|Royal spoonbills on the shallow inlets|
A number of albatross species can be seen in the area of the peninsula but only the royal actually nest there. We saw five nests from the hide and more when we went out to sea and looked back at the cliffs. The wonderful work of the centre there has lead to a sustainable population of breeding birds.
|Sign at the albatross centre where they breed on the headland|
We visited some of the beaches in the hope of seeing penguins - we were lucky to see one waddling onto the beach and heading off into the dunes:
|Yellow eyed penguin arriving at the beach|
As well as seals, sealions use the area and these two seemed extremely content.
|Sealion mother and calf|
|Evening at the little blue penguin centre looking back at Dunedin|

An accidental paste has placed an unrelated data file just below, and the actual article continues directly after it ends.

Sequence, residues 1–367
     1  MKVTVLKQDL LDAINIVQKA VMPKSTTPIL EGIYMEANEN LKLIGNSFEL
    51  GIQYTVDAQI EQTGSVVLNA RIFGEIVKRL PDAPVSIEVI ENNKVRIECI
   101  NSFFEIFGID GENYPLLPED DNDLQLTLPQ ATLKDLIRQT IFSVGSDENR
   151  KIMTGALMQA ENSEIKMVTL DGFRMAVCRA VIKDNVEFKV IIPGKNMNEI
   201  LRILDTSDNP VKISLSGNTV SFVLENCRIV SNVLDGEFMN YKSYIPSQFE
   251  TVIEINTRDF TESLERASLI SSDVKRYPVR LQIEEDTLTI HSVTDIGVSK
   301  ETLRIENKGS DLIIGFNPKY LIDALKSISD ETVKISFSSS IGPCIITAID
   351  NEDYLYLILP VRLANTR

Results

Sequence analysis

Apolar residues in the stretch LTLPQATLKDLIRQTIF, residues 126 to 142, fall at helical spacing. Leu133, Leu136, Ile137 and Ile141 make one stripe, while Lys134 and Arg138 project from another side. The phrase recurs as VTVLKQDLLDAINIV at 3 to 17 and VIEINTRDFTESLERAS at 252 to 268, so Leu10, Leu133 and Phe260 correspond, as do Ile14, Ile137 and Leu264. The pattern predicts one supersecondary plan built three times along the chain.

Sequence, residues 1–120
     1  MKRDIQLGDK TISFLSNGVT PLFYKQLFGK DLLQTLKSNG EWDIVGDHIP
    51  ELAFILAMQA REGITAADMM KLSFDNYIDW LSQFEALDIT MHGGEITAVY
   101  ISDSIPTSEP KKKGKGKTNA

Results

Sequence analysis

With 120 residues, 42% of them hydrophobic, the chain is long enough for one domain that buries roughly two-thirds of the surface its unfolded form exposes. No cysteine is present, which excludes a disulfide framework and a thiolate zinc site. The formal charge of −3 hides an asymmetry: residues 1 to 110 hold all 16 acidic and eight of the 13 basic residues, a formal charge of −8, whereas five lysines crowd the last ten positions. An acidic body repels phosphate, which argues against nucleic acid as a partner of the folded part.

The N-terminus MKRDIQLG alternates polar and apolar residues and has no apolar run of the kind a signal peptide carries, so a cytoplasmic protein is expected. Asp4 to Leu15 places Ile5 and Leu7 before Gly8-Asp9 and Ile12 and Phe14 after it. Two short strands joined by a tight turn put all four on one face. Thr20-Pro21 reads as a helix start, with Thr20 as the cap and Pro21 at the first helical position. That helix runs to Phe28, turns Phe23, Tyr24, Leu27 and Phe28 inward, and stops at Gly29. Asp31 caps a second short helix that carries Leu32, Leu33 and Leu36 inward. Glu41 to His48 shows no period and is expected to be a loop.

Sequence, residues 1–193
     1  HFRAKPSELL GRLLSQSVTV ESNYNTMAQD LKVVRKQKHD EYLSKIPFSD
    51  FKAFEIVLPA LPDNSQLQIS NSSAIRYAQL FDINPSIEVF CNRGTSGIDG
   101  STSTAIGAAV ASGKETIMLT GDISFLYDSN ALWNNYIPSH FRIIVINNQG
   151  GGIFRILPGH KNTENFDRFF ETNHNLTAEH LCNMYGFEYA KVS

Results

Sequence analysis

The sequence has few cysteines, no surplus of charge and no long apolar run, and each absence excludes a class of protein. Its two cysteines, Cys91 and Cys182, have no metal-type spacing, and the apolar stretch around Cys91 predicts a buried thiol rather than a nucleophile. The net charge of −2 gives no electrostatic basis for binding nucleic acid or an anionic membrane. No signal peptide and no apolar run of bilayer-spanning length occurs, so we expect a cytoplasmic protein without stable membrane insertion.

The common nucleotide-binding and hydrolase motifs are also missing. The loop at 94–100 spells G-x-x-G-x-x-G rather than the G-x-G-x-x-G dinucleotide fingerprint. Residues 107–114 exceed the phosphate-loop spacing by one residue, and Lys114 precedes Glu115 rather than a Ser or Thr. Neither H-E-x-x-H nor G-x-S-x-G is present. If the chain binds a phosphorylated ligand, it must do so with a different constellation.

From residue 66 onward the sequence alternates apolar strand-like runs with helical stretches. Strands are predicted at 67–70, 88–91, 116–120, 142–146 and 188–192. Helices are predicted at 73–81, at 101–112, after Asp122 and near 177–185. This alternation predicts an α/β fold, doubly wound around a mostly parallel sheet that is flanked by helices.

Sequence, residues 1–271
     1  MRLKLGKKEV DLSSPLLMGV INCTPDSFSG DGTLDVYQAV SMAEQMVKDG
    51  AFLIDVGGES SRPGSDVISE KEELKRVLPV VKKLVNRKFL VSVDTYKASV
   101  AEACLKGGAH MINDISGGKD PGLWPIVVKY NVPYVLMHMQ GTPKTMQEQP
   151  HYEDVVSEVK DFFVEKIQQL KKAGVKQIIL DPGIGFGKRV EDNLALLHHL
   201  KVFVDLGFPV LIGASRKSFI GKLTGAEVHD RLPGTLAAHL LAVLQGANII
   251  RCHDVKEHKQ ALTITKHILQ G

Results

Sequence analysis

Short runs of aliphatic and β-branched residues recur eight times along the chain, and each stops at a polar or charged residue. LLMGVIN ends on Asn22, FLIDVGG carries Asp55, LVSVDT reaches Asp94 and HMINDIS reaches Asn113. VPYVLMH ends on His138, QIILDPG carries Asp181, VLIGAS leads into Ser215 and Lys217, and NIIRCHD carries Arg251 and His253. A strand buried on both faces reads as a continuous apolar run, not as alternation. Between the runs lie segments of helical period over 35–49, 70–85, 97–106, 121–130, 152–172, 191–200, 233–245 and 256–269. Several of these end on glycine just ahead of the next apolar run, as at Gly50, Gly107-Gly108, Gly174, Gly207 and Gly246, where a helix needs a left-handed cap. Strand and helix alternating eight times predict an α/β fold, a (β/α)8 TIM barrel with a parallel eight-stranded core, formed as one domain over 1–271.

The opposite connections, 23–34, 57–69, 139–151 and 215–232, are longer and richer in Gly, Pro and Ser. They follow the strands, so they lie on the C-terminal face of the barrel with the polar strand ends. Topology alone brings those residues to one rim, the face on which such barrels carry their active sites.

There is a cove where little blue penguins land during the breeding season every night. They assemble in rafts out at sea, then come in in small flocks. Once they have found their feet they scramble up the sand to their hidden nests. These are wonderful little creatures, which chat as they go and seem quite unperturbed by us watching them in the darkening evening. There were several hundred in total and are well protected by the conservation organisation at the site.
|Little blue penguins|
The beautiful beaches can be totally empty and the flowers quite stunning.
|Lupins on the head of the beach|